I have always insisted that an author’s biography should have little influence on our understanding of the work at hand, that we should, as Billy Collins suggests, “wave at the author’s name on the shore.” So all I know about Michael Dorris is that he wrote (and I enjoyed) A Yellow Raft in Blue Water. And that he was married to Louise Erdrich and that he, I believe, committed suicide. There’s my wave. Does the connection with Erdrich give him some kind of credibility to tell the story of a 1492 Bahamian island?
The story is simple enough. More an exercise in character (Morning Girl and Star Boy, who narrate alternate chapters) than anything else. A plot summary of this admittedly short book (74 pages) would take, at most, a sentence.
Then there’s the ending. I won’t spoil it, but it made me re-think everything I read and thought I knew.
It’s listed as being appropriate for ages 9 and up. Would it work, for example, in 4th grade? A mother loses a baby in childbirth. How does one help students think about that? There’s not a lot of action. The students would read it. Would they be engaged? Would they think of it as a ‘normal’ story for 72 pages – a story of a brother and sister who don’t always get along but stand by each other when circumstances require? I think you could pretty much ask students to read the first 72 pages and then stop and just need 1-2 days of discussion for those. Then the last 2 pages would take any number of days to unpack.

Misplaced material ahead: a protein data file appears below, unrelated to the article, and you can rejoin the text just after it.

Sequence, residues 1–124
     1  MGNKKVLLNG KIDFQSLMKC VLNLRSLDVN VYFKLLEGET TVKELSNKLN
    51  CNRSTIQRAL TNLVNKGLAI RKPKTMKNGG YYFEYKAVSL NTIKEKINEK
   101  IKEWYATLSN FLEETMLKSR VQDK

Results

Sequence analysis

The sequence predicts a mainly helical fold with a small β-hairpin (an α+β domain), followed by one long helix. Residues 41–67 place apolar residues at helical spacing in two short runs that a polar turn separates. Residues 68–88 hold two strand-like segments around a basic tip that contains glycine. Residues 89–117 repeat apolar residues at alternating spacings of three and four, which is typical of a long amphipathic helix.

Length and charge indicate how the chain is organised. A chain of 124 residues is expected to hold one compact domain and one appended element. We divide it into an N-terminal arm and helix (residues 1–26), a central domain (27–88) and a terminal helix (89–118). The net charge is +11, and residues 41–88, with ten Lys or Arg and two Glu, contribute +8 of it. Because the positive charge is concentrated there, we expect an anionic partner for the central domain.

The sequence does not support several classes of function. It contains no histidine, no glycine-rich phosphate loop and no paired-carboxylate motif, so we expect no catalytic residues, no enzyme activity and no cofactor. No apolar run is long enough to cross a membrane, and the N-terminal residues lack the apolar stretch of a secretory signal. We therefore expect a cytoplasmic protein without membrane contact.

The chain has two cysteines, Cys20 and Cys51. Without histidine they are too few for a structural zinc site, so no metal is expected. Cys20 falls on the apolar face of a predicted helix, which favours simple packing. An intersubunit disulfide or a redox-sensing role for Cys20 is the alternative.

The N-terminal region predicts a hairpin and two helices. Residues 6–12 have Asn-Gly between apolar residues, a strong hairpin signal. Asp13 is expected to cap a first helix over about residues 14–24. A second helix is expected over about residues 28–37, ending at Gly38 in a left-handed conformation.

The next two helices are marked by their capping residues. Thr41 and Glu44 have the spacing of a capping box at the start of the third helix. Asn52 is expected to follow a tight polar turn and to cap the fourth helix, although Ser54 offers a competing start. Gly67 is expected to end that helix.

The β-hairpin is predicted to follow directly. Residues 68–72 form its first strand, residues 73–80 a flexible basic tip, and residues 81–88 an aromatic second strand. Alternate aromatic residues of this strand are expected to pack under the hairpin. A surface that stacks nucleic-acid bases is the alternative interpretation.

The writing here is spare and effective. The image of Star Boy waiting out a storm under a tree that is special to the community is haunting and here, as with elsewhere, Dorris does less with more. I think it is because there is so much left out here and throughout that the ending has such an impact.